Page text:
Texas Living

Thoughts on Eggnog (and How to Make It)

By Celia Bryan-Brown 12.13.18

Ah, eggnog. It’s the flavor of childhood Christmases: a taste of tradition as sweet as candy canes, caroling, and crackling fires. The appearance of those distinctive cartons in supermarket coolers says the festive season has begun.

Whether you love it or hate it, eggnog has become a quintessential part of American holiday celebrations (George Washington even recorded his own recipe). But this unique egg-based drink is even older than our country, originating in the medieval monasteries of 13th-century Britain.

A History of Eggnog

Eggnog began as a popular hot drink called a posset — a milky brew monks combined with eggs and figs. Eggs, milk, and flavoring spices like nutmeg were luxury items, putting eggnog out of reach for the ordinary man. But when immigrant settlers came to the Americas, they found plentiful cheap supplies, and eggnog was born as a drink of the people.

Indeed, it was so popular that the drink famously incited the so-called Eggnog Riot of 1826.

Today, you can keep your icebox stocked with eggnog from your local store. But given the FDA permits the drink to be made with as little as 1 percent egg yolk, you’re more likely than not drinking “milknog.” Nothing compares to the rich, creamy, frothy deliciousness of homemade — and it’s far easier to whip up a batch than you think.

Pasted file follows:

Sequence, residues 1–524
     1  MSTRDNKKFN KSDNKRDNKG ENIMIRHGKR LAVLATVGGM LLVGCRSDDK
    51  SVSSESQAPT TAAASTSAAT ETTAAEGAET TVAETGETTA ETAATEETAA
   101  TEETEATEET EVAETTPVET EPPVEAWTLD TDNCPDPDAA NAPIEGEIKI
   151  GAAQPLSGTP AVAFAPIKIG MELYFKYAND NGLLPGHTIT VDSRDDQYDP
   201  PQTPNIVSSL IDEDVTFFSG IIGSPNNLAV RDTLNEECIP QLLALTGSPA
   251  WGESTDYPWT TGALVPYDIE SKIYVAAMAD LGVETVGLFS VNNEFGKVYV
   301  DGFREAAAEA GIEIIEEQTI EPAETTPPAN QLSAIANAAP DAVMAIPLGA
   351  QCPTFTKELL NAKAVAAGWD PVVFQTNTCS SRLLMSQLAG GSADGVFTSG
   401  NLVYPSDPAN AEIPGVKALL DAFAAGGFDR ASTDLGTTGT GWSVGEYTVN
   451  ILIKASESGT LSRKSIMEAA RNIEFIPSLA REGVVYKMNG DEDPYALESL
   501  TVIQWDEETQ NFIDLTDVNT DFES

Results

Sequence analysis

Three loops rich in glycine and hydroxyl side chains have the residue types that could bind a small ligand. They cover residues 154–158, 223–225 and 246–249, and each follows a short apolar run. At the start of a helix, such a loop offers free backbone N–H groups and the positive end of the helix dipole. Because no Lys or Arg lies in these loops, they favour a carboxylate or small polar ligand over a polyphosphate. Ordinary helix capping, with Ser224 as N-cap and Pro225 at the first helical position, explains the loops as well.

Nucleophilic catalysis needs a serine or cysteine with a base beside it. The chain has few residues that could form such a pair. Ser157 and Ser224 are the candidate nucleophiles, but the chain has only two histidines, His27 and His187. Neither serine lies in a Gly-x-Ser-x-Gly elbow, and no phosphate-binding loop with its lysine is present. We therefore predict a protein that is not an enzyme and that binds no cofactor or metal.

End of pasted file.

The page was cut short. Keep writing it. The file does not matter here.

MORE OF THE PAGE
Try our simple recipe for a delicious winter warmer, suitable for all ages. Cheers!

An Egg Note

If you do use raw egg, make sure you pick out fresh ones (pasteurized for safety). Keep your eggnog refrigerated and consume on the day you make it. If you’re still not comfortable, you can gently cook the yolks using the method at the bottom of this page.

Photography by Catherine Downes


6 large eggs
1 cup granulated sugar
2 cups whole milk
1 cup heavy cream
Pinch of salt (optional)
¼ teaspoon vanilla bean paste (optional)
Sprinkle of nutmeg, cinnamon, and other spices


Separate the eggs, setting the whites to one side. Whisk the yolks with the sugar until emulsified: The mixture will be primrose yellow and frothy.

Whisk the milk and heavy cream into the yolk-and-sugar mixture. Stir in the salt and vanilla bean paste if using. Cover and refrigerate for one hour.

Meanwhile, whisk the egg whites until they form stiff peaks. When ready to serve, gently fold the whisked egg whites into the eggnog using a metal spoon and a gentle touch. Ladle into a punch bowl or jug to serve.

Lay out a range of garnishes for people to help themselves — freshly grated nutmeg and cinnamon are a must, but chocolate shavings also go down a treat with kids.

Pair with a plate of Christmas cookies, or substitute hot cocoa and marshmallows for the kiddos.

© 2018 Texas Farm Bureau Insurance